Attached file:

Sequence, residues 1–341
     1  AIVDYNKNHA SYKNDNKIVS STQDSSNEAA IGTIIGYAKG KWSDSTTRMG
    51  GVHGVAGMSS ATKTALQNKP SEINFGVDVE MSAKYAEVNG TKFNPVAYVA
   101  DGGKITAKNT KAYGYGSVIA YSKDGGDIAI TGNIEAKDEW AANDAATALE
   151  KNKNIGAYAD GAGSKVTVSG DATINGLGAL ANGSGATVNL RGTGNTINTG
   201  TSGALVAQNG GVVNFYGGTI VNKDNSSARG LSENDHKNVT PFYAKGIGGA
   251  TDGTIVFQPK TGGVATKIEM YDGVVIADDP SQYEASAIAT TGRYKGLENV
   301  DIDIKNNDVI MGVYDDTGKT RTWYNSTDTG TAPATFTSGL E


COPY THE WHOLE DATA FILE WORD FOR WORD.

Sequence, residues 1–341
     1  AIVDYNKNHA SYKNDNKIVS STQDSSNEAA IGTIIGYAKG KWSDSTTRMG
    51  GVHGVAGMSS ATKTALQNKP SEINFGVDVE MSAKYAEVNG TKFNPVAYVA
   101  DGGKITAKNT KAYGYGSVIA YSKDGGDIAI TGNIEAKDEW AANDAATALE
   151  KNKNIGAYAD GAGSKVTVSG DATINGLGAL ANGSGATVNL RGTGNTINTG
   201  TSGALVAQNG GVVNFYGGTI VNKDNSSARG LSENDHKNVT PFYAKGIGGA
   251  TDGTIVFQPK TGGVATKIEM YDGVVIADDP SQYEASAIAT TGRYKGLENV
   301  DIDIKNNDVI MGVYDDTGKT RTWYNSTDTG TAPATFTSGL E